week 69: ISMIR
I went to ISMIR, and presented a paper about how DJs select and order tracks, which went pretty well. Ryan Groves and I also ‘performed’ two Elvis Costello songs, with backing chords from Elvis Presely songs. We probably should have cut it at one, but the first song (Alison, since you asked) was a big hit. I’ll have a detailed post about it soon, with audio and hopefully video.
Other ISMIR / Curitiba highlights include:
- Learning about 72-note-to-the-octave Byzantine chant. (Maria Pantelli, U Cyprus)
- Learning about ragtime, Andalusian, Turkish, Carnatic / Hindi, Chilean music from a data perspective. (Anja Volk, Alastair Porter, Sertan Senturk, Monojit Choudhury, Gabriel Vigliensoni, and many more)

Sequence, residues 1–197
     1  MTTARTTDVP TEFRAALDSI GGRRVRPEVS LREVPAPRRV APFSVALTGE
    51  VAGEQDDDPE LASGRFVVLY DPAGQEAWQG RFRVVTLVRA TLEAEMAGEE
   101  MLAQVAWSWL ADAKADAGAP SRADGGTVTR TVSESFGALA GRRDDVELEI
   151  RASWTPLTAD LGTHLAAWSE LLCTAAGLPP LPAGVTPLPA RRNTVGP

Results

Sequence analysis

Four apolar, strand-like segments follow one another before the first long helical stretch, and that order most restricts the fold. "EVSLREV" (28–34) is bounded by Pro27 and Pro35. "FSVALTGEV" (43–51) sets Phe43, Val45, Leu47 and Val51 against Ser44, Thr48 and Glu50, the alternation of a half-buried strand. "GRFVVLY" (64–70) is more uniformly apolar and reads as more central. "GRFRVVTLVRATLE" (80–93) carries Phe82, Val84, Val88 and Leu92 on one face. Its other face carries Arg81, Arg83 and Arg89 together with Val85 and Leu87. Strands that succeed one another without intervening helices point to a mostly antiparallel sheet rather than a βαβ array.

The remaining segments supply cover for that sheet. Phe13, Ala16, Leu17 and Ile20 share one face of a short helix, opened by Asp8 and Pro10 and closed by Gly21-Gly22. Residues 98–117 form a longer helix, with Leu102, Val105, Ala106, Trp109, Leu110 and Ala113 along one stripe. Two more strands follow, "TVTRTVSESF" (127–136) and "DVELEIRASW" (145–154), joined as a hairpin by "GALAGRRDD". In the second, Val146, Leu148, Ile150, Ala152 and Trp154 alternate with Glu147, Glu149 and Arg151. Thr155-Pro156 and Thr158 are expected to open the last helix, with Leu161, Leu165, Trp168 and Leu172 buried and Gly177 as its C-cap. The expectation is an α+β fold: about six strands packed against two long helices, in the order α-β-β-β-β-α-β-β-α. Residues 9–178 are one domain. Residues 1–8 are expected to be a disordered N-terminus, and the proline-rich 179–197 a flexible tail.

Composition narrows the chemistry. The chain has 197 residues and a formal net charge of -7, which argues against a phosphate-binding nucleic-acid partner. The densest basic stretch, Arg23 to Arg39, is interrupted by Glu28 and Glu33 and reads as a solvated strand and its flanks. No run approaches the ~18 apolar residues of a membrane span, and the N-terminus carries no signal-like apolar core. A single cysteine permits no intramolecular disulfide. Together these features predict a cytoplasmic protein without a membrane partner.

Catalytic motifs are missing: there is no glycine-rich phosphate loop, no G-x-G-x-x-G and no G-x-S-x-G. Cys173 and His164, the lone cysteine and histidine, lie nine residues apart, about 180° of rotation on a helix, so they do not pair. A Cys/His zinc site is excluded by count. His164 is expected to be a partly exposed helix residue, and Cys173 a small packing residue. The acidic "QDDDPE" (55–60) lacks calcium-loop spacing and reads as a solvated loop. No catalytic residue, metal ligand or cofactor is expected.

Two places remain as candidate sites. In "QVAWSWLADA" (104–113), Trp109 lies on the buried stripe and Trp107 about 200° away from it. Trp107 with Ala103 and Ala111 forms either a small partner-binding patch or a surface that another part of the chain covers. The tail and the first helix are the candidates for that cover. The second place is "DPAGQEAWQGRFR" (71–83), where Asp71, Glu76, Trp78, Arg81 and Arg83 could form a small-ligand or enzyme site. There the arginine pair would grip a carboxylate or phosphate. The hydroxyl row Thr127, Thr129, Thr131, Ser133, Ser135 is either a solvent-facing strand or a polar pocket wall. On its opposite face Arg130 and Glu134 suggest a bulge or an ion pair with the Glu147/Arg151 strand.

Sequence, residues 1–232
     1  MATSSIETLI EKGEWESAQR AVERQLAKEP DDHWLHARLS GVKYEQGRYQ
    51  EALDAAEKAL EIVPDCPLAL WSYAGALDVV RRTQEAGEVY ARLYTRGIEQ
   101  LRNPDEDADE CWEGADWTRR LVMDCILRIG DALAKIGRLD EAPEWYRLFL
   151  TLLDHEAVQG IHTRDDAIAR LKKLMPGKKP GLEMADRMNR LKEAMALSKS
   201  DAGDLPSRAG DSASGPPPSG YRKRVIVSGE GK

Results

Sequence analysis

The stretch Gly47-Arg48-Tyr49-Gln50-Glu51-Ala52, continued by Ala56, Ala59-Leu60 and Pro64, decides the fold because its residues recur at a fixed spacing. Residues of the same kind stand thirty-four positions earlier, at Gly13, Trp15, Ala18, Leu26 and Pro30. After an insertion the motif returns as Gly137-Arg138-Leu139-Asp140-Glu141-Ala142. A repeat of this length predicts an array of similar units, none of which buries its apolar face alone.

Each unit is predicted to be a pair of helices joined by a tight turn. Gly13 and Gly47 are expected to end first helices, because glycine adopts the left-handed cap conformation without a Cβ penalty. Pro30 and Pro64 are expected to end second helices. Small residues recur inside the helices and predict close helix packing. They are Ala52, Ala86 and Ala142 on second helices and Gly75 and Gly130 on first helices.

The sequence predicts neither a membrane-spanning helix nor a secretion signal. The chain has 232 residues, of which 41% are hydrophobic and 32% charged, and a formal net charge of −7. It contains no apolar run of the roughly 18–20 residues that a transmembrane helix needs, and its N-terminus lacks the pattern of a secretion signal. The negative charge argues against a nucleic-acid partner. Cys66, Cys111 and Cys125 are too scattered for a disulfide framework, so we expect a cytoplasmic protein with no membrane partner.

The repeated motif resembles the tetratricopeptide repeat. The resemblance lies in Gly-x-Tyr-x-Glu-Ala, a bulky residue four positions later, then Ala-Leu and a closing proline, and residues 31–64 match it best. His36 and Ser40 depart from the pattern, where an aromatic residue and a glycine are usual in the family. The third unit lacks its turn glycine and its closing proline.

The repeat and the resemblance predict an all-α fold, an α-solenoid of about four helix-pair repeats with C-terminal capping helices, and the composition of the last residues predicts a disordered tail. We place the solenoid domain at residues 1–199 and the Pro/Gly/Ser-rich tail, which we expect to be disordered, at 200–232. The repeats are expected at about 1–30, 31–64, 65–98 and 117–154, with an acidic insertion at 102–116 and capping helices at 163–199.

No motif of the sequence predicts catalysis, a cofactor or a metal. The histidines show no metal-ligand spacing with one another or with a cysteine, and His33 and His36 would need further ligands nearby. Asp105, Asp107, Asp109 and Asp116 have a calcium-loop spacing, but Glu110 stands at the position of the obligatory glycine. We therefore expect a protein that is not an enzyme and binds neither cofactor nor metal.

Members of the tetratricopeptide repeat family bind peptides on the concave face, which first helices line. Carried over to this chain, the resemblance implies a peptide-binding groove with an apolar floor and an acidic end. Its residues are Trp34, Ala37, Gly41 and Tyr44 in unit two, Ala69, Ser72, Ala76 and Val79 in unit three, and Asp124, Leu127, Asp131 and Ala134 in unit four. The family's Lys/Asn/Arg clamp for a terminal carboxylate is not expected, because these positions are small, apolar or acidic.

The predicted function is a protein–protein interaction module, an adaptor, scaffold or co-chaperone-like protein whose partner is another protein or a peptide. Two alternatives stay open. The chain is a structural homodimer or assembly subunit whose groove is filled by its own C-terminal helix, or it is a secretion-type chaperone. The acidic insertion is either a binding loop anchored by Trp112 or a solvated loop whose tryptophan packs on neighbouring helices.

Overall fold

- Learning about Francois Pachet’s work with “style” and for systems that encourage flow.
- David Hauger’s Million Musical Tweet Database has potential.
- I am over trying to machine-learn emotional music. Just done with it. The only possible answer is to build a constantly updating neural network for every single person in the world.
- Some neat stuff on automashups by I-Ting Liu, also by Matthew Davies
- The band at the reception, Caracoarco, can play. Likewise the quasi-Celtic band we saw at a random pub.
- Arne Eigenfeldt’s procedural techno machine is really, really good at drums and bass. The leads are not there, but it is close
- Cachaca is delicious and covers far more ground than I thought: I had apple ones, smoked variations, and so on.
- Academia is fun, but man, it moves slowly and has too many dudes in it.
Much more importantly, I also saw two dear friends get married in Toronto. All the love to them.